Today, the PPC stokes anti-immigrant fervor, peddles in conspiracy theory, attacks identity-based groups, and advocates for dangerous libertarian politics. While mainstream parties fail to address the growing concerns of most people, particularly the working class, and average people become further immiserated, the potential appeal of extremist voices promising salvation from their wretched lot grows.
While Speer presents a compelling case for liberating the CPC from the far right, trading a small vote share for a broader cross-section of the Right and center-right in a classic brokerage style, such a division entails risk. The Conservative Party under leader Pierre Poilievre has pursued its own brand of anti-globalist conspiracy thinking, adopted a zany free-market pro-cryptocurrency stance, railed against Canadian institutions, and declared war on safe supply and other measures meant to fight the drug poisoning crisis. That could be because Poilievre is trying to protect the party’s right flank from the PPC, or because he truly believes in the nonsense he pedals — or both. If the party’s posture is indeed because of the PPC, in whole or in part, then the normalization and mainstreaming of extremist views are a net negative for the CPC and for the country itself.
Of course, there’s no guarantee that absent the PPC, the CPC would become more moderate and bury such extremist politics. As it stands, the Conservatives more or less maintain Canada’s pro-immigration consensus. And while they worship at the altar of the free market, as always, they are at least trying to speak to concerns of the working class on affordability and the housing crisis, which are the central bits of their pitch to voters. Of course, their platform is unlikely to deliver much for people who are struggling.
In fact, Poilievre’s anti-statism and drive to cut government spending will hurt the very people he says he wants to help. But the rhetorical stance proves that there’s more to the CPC than their indulging in irresponsible, campus Conservative culture war politics.
Conventional wisdom says the Conservative Party cannot form government without winning seats in Ontario, particularly the suburban regions of the greater Toronto area. It also says that the party must moderate to win those seats. While some might look at former leader Erin O’Toole as an example of why that moderating strategy is a failure, O’Toole won more votes than the Liberals in 2021 (as did his predecessor Andrew Scheer in 2019). Had the party run a better campaign, they might have eked out more seats, too.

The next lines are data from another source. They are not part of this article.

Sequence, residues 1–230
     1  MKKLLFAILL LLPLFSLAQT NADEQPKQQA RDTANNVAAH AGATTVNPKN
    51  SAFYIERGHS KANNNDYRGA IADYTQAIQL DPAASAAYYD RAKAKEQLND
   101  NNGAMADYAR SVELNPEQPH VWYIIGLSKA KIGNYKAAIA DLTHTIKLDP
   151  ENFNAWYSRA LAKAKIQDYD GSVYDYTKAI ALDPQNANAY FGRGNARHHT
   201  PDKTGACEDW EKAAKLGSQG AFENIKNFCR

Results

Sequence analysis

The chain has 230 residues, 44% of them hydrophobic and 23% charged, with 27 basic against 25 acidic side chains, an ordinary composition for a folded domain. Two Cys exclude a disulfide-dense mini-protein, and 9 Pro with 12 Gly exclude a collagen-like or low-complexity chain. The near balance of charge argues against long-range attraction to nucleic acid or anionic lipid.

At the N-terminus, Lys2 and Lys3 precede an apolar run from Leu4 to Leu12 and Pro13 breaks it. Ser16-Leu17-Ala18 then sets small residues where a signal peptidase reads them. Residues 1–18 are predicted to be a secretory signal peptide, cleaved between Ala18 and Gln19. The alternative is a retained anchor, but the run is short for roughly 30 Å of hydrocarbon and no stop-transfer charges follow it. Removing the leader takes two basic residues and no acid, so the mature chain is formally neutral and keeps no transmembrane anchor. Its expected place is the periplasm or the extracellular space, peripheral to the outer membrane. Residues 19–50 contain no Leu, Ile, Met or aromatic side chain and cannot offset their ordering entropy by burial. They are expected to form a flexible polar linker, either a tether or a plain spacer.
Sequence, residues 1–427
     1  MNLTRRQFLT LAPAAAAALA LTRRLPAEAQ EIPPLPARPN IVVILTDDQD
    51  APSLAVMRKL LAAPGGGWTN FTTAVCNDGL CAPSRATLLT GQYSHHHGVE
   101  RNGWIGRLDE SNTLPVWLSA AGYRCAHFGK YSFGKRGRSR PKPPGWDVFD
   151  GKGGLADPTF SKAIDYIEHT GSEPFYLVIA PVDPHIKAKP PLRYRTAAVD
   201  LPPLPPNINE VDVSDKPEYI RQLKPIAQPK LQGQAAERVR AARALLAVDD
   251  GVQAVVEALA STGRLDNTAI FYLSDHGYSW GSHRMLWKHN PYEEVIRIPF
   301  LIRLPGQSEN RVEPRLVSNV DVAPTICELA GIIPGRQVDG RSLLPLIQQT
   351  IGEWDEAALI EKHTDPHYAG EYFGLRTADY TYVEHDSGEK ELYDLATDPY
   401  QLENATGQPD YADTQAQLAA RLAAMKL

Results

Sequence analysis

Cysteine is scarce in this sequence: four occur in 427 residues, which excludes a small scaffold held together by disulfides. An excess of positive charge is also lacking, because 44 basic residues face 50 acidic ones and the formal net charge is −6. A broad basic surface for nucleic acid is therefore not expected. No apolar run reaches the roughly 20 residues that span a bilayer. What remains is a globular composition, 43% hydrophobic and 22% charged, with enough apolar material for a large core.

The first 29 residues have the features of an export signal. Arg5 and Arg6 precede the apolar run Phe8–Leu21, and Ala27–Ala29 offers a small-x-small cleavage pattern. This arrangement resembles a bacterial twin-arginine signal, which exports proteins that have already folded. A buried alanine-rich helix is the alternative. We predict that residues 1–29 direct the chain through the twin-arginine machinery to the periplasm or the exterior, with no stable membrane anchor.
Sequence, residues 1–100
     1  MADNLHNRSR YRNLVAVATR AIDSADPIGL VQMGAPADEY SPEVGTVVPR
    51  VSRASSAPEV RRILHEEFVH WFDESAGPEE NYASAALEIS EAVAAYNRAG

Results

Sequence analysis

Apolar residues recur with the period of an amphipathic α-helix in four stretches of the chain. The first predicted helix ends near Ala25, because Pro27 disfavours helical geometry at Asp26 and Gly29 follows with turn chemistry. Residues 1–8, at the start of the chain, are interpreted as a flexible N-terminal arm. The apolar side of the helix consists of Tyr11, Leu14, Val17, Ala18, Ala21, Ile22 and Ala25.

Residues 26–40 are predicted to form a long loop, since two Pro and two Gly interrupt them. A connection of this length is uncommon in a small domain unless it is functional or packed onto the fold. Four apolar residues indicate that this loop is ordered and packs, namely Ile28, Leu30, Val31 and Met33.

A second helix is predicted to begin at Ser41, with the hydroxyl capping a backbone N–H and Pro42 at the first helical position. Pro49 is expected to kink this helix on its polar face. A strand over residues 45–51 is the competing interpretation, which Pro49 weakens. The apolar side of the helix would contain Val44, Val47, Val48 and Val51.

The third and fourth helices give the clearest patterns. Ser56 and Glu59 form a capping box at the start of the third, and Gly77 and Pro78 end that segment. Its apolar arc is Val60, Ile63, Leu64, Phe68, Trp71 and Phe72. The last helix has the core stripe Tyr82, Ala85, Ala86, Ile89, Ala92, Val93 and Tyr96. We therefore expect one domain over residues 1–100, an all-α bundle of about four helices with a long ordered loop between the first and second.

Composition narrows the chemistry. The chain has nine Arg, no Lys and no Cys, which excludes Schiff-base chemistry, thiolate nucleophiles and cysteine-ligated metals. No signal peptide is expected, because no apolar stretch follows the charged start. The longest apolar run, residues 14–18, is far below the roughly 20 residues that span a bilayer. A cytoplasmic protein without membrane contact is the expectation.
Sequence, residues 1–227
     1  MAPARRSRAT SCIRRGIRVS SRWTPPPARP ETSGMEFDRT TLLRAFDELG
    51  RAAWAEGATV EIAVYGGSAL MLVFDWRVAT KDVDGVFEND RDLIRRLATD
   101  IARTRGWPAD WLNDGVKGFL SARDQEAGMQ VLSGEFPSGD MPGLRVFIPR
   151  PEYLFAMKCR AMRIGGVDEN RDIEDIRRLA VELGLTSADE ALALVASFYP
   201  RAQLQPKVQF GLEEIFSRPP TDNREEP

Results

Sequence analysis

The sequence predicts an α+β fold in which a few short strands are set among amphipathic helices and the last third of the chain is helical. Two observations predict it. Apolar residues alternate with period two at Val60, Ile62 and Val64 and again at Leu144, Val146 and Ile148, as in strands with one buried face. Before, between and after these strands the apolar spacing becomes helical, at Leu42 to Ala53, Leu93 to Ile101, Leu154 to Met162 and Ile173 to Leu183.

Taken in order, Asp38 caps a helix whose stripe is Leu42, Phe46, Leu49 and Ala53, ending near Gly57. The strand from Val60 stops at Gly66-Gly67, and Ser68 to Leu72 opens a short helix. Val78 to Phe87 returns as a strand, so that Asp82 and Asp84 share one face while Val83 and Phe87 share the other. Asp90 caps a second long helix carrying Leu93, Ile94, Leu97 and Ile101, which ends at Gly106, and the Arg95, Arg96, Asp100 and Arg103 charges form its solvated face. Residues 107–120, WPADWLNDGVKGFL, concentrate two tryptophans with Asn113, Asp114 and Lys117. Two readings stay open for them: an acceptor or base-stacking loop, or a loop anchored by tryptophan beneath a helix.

With people tiring of Justin Trudeau’s aging government ahead of the next election, Poilievre is well-positioned to take a serious shot at winning. To do so, he probably has to ignore the PPC, and his own impulses. And while that might produce a better Conservative government than one fully committed to far-right politics, it’ll still produce a Conservative government.
In the end, celebrating potential splits to the Right’s vote is only worthwhile from a position of strength. The waning fortunes of the Liberals can be to the Left’s benefit, but only if Poilievre’s mendacious populism isn’t allowed to outshine the Left’s historical commitment to improving the material conditions of working people.
Countering the CPC’s conception of freedom and the good life means leaning into the Left’s historical commitments and articulating a vision where greater freedoms are tied to the welfare of all — the freedoms to not starve, to have good housing, to access safe and well-paid work, full healthcare and housing. Making the case for these items, rather than gloating about a fractured Right, is the only way to beat the CPC and to head off the rise and potential success of the far-right.Original post